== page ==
“Amtrak’s new service fits very well into our long-term goal to make the Hiawatha Service more efficient while at the same time expand opportunities for ridership growth,” Carlsen noted.

“More frequent train service is essential to providing good connections for business and leisure travelers and, ultimately, airport connections. The potential growth in ridership also improves the viability for our public and private development partnership at the Milwaukee station, which is already among Amtrak’s top 20 busiest stations. This also keeps us on track for eventual high-speed passenger rail service to Madison and other parts of Wisconsin.”

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Fast trains for Quebec?
Canadian Transport Minister David Collenette said he’s taking a serious look at a proposal for a fast-train rail system on the Quebec City-Windsor corridor and is investigating whether Via Rail Canada Inc. could borrow money on the open markets for such a project, which could cost up to $3-billion.

“One issue I am taking a serious look at, and I hope my [cabinet] colleagues do, is whether Via would be permitted to raise money on its own hook like the airport authorities,” Mr. Collenette said in an interview, according to the Canadian Press.

“I think it’s quite reasonable to explore ways that Via can raise money on the private market so it doesn’t come right out of government expenditures.”

Via has sent Ottawa proposals for upgrading Canada’s central railway corridor to carry faster trains, and federal sources say the Crown corporation’s proposals would require between $2 billion and $3 billion in investment.

Collenette praised the Via proposal, saying “what Via has come up with is probably the most reasonable approach short of going for a full TGV [high-speed rail system], which I don’t think the country can afford at this time.”

The Transport Minister said he hasn’t yet decided if he will take the proposal to cabinet to get federal funding for at least part of the upgrade bill, but acknowledged government has a role to play.

“Passenger rail around the world has to be subsidized; I know of only two lines that make money,” he said.

Federal sources said the proposals would ultimately require a “big chunk” of money from Ottawa but Canadian National Railway Co. and Canadian Pacific Railway Ltd. would be expected to chip in as well.

“CN and [CPR] have been co-operating with Via in their proposal and it’s anticipated they would be willing to participate to some degree,” a federal source said. “If they are going to benefit because it’s on their track, they have an ongoing capital budget for upgrades and improvements and they can apply that to it,” the source said.

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Commuter lines...

Cincinnatians debate light rail issue

Cincinnatians are debating the merits of a light rail system for their city, to be decided in the ballot boxes on November 5.

“We don’t even agree on the facts or on what facts to use,” said Hamilton County Commissioner John Dowlin, one of three panelists to present positions in a debate on October 23 against the issue that would raise the Hamilton County sales tax by one-half cent, reports The Cincinnati Enquirer.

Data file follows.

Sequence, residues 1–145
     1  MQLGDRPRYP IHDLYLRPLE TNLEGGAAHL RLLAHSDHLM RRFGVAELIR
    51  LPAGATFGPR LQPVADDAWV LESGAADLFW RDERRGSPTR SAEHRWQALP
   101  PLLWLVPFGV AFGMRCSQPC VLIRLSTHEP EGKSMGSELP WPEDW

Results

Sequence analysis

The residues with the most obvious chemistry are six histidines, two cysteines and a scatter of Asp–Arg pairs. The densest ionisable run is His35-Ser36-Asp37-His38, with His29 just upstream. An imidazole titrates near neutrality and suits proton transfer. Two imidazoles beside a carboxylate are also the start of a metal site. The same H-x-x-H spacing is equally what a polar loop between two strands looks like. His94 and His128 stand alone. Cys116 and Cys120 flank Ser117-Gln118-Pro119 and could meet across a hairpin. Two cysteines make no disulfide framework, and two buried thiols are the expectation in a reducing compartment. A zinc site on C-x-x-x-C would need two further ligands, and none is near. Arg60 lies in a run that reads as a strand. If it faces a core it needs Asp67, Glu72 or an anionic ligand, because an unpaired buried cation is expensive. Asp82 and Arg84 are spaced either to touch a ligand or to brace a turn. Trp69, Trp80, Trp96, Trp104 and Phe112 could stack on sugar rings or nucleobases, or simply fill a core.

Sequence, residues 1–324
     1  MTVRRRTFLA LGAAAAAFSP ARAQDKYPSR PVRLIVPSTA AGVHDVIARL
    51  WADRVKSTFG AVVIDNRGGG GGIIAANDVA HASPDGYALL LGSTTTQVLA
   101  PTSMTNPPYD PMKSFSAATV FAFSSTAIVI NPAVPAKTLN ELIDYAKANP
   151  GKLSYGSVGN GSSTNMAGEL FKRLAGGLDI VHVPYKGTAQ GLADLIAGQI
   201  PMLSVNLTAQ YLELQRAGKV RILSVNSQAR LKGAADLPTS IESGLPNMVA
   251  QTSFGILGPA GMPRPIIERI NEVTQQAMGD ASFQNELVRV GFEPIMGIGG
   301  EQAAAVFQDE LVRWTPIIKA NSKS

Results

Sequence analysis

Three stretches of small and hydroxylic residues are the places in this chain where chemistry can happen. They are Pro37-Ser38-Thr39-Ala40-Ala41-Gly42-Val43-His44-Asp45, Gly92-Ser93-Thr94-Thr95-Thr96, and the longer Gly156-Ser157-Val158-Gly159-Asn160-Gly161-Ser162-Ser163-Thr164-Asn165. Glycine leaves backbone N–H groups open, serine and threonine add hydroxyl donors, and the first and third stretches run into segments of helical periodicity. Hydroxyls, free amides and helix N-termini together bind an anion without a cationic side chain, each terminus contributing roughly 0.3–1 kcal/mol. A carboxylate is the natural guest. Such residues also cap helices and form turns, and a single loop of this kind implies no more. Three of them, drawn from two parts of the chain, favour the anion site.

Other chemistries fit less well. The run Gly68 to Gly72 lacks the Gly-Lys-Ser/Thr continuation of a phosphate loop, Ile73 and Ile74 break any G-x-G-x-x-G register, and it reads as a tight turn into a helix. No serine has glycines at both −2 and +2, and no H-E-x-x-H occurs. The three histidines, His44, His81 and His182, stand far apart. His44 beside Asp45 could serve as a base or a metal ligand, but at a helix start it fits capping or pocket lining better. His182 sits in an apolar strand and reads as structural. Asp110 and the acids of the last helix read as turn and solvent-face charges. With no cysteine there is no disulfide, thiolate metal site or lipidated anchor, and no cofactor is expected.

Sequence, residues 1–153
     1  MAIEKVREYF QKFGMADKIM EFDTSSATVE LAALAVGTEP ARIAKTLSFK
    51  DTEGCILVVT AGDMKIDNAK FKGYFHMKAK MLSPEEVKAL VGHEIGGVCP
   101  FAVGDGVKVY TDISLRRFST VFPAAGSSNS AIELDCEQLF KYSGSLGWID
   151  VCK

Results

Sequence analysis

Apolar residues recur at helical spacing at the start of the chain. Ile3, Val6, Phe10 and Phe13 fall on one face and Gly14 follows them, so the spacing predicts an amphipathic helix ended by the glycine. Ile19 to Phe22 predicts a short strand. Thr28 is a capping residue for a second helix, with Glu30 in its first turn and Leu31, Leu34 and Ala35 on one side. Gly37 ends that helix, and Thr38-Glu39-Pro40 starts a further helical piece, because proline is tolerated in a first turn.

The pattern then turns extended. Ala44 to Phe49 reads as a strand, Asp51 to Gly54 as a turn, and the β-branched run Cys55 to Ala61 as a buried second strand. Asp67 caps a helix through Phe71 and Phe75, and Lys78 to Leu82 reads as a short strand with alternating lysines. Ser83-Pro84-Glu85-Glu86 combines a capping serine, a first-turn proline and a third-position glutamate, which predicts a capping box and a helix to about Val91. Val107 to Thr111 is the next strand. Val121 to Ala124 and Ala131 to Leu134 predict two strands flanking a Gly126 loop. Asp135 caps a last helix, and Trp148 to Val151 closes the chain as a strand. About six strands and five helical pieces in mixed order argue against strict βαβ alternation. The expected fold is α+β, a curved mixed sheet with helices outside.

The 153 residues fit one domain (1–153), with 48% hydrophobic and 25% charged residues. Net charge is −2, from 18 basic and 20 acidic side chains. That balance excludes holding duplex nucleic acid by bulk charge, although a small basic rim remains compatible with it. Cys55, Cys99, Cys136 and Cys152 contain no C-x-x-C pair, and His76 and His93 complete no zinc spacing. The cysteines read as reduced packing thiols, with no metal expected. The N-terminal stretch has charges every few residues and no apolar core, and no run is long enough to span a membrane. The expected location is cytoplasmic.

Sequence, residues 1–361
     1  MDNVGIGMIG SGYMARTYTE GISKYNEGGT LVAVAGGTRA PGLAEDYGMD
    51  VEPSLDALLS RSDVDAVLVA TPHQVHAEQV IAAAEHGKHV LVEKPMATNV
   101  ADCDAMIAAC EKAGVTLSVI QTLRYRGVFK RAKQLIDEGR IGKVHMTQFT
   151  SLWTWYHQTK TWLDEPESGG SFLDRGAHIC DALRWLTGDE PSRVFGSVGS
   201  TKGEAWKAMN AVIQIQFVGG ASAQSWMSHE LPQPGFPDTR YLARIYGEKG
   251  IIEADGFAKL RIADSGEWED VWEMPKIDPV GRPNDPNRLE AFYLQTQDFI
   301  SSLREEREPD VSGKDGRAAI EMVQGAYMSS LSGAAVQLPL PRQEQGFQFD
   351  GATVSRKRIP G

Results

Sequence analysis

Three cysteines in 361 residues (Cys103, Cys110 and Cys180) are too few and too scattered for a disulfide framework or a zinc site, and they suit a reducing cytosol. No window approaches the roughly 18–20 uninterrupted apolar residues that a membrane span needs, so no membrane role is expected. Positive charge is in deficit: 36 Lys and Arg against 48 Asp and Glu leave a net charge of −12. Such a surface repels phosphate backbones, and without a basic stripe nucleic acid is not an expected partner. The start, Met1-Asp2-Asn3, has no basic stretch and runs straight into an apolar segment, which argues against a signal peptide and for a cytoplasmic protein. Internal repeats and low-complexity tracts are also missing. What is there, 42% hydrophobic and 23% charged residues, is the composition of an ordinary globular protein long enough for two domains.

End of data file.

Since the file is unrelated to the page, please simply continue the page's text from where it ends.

The two-plus hour debate at Xavier University included several sharp exchanges over everything from the impact of the proposed plan on air quality to how to calculate the percent of transit ridership.

If passed, the ballot initiative would cover the local portion of the 30-year $2.7 MetroMoves plan, which includes a proposed 60-mile light rail system that would cost $2.6 billion and another $100 million in expansion and improvements to the existing Metro bus system.

One of those exchanges came after a question over air quality, with Glen Brand of the Sierra Club, speaking for the pro-light rail side, claiming that the system would pull enough cars off the road to eliminate hundreds of thousands of tons of air pollution from the skies.

That brought a quick response from County Auditor Dusty Rhodes, co-chair of the Alternatives to Light Rail Transit, the committee campaigning against Issue 7.

“Maybe we ought to go to the Draconian measure of limiting each family to one car,” Mr. Rhodes said. “That’s the road we’re heading down now. It’s like if you don’t live where and how they want you to live, you’ll be thrown in a gulag.”

Each side had a three-member panel, and after each panelist gave a presentation, they took questions from the audience of about 60-70 students and local residents.

Another point of contention arose over the issue of how many riders use mass transit or light rail in other cities.

Stephan Louis, chairman of the Alternatives to Light Rail Transit, said that the light rail system would only reduce the amount of vehicle miles traveled in the seven-county metropolitan area by 1 to 2 percent.

“That’s just not worth it, and those numbers are the same or even dropping in other cities,” Mr. Louis said.

Light rail advocate John Schneider said that Louis was distorting that number by including the entire region, even though mass transit is only available in parts of Hamilton County.

“He’s twisting the numbers,” Mr. Schneider said. “When you look at the one place where transit is readily available in our region, downtown Cincinnati, the market share is more like 30-35 percent, which is a significant number.”